Sometimes a snapshot tells an entire story. Take one of the signs at last year’s tea party rally in Washington, “Grandma’s not shovel-ready.” That summed up the anti-ObamaCare, pro-smaller government movement in a single image.
Something similar happened recently when Sen. Jim Bunning, a Republican from Kentucky who isn’t seeking re-election, temporarily held up a $10 billion spending bill that was to extend temporary unemployment benefits, make Medicare payments to doctors and provide satellite TV for rural Americans.
Many on the Left painted Bunning as a cranky man who wanted to leave workers unemployed, without access to a doctor and with nothing but snow on their big-screen TVs. Yet his point was important. Congress, after all passed a “PayGo” law this year, saying that any new federal spending had to be offset by eliminating an equal amount elsewhere in the budget.
But when it came time to pass the latest $10 billion extension, lawmakers simply labeled it “emergency spending” and added it to the deficit, ignoring their legal duty to offset the new spending. This is absurd. If they can’t find $10 billion to trim to comply with its own law, can we really expect them to make difficult budget decisions in the years and decades ahead?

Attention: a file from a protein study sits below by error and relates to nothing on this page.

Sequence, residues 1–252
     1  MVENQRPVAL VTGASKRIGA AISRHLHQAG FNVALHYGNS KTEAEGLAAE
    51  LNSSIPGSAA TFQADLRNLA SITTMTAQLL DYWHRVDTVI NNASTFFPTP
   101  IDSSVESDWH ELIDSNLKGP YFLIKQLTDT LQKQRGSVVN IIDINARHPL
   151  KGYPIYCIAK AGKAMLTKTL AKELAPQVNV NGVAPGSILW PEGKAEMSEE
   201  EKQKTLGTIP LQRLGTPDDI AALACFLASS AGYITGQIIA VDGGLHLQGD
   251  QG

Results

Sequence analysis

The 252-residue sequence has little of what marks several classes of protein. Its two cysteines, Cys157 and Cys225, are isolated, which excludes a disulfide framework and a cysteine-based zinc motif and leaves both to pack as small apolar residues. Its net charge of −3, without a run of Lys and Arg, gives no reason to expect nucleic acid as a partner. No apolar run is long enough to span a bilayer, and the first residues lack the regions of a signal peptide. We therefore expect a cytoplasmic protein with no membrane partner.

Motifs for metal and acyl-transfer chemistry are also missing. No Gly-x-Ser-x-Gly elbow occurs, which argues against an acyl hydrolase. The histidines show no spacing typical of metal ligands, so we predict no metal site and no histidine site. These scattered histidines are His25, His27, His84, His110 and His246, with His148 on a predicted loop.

Spending is out of control. The federal budget for 2010 calls for $3.5 trillion in spending, up from $2.0 trillion in 2002. There’s no way every dollar of that is absolutely necessary and intelligently spent. But such big spending has encouraged Americans to depend more and more on government -- and for things a lot more important than television.
How overwhelming is that dependence? How much have government programs squeezed out the social obligations and services once carried out by community groups, family networks, and even local governments? That’s the question The Index of Dependence on Government, just published by The Heritage Foundation, aims to answer.
Consider the “Big Three” entitlement programs: Social Security, Medicare and Medicaid.
These mandatory spending programs are on autopilot. Lawmakers never vote on how much to spend on them, yet the costs climb every year. Even worse, they have “first call” on federal spending. So as they grow, they’ll automatically pull money from things that should be national priorities, such as defense spending. Unless Congress reforms entitlements, they could eventually represent virtually all federal spending.
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